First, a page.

A Minute With: Rachel McAdams on remembering her "Vow"
By Zorianna Kit
LOS ANGELES (Reuters) - Eight years ago, Rachel McAdams hit Hollywood's map in teary, romantic drama "The Notebook." Since then, she has broadened her range of work to include laugh-out-loud comedies such as "Wedding Crashers," adventure films like "Sherlock Holmes" and recently, the Woody Allen movie "Midnight in Paris."
But the Canadian actress has returned to her romantic roots with new drama "The Vow," due in theaters on Friday. The actress portrays Paige, a young bohemian artist happily married to Leo (Channing Tatum) until a devastating car crash leaves her with a head trauma that erases her entire memory of their relationship.
While Leo tries in vain to get her to remember him, Paige reverts back to the person she was five years earlier -- a law student with a conservative wardrobe who doesn't understand why she's estranged from her parents or why she broke off her engagement to a charming businessman (Scott Speedman). Leo must make Paige fall back in love with him if he is to win her back.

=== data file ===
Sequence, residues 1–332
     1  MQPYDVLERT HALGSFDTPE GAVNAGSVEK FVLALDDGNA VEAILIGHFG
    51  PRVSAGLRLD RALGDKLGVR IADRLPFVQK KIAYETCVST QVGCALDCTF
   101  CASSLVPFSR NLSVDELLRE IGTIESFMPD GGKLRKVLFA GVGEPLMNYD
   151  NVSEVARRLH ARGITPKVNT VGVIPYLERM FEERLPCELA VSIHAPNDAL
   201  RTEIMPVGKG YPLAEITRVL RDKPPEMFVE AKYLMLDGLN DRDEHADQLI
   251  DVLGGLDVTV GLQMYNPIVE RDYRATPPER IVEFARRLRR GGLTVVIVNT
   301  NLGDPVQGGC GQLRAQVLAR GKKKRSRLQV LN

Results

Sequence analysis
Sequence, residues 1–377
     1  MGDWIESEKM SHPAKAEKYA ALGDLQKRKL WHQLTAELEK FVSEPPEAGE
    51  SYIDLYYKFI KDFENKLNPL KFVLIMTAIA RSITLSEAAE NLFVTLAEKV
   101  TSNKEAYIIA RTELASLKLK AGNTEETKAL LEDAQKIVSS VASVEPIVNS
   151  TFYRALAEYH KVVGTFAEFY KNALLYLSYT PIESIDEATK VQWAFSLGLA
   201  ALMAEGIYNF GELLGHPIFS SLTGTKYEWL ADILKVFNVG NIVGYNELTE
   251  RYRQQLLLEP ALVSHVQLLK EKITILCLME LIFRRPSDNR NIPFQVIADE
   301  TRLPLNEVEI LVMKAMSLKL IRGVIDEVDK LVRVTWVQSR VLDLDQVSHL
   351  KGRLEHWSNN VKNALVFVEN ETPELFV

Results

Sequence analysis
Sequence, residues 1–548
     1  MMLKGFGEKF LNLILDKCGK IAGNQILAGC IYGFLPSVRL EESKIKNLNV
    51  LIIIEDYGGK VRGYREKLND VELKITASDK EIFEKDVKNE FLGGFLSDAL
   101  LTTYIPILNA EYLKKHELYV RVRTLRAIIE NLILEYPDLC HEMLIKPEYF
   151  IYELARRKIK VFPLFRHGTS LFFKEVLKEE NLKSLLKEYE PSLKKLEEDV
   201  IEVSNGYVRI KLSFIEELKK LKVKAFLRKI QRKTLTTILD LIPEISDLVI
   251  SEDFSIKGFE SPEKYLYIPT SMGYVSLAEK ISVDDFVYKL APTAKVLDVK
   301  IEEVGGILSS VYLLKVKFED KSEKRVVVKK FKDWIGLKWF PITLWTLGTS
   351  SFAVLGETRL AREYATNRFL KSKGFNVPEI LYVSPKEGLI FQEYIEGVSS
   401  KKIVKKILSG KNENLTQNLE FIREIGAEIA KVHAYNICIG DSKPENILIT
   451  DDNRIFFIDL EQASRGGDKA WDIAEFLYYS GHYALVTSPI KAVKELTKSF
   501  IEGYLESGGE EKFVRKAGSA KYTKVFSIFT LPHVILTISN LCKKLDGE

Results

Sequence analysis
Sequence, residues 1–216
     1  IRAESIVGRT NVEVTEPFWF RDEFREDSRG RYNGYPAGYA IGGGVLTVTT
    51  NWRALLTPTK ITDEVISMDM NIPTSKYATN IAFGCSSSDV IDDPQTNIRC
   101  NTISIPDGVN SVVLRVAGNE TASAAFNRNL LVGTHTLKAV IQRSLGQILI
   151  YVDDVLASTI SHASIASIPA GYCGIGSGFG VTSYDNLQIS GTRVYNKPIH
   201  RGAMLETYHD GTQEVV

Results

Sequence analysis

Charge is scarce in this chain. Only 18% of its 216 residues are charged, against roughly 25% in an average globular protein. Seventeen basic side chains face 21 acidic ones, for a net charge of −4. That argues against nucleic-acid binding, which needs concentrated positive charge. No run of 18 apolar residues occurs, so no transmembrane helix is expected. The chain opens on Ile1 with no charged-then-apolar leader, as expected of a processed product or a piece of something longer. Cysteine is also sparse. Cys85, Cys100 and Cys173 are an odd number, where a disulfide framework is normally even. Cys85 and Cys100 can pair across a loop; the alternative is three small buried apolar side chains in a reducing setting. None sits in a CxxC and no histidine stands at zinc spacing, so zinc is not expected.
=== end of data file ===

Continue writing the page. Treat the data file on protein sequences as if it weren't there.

McAdams, 33, sat down with Reuters to talk about the film, the surprise success of Oscar-nominated "Midnight in Paris" and why she feels compelled to always take breaks between projects.
Q: "The Vow" is actually based on a real story that happened to a couple from New Mexico. Did you meet Krickitt Carpenter, the woman upon whom the character Paige is based?
A: "I did. Both Channing and I met her and her husband (Kim Carpenter). It was nerve wracking at first because you want to do justice to their story. At the same time, our story was only inspired by them, so we were playing different people. But they are an incredible couple. They had a strong faith in God and had that to fall back on. They had only been married two months when it happened in the early '90s. Today they have two children."
Q: Your character dressed and behaved one way before the accident and another after it. Was that challenging?
A: "It was difficult to play almost two different people at times, and to keep the thread going between my character and Channing's character. You want some sense of hope that these people might find each other again. I did some research into brain injuries and the emotional effects of that. It's quite isolating. The more your family and friends try to bring back your memories, the more you pull away." Continued...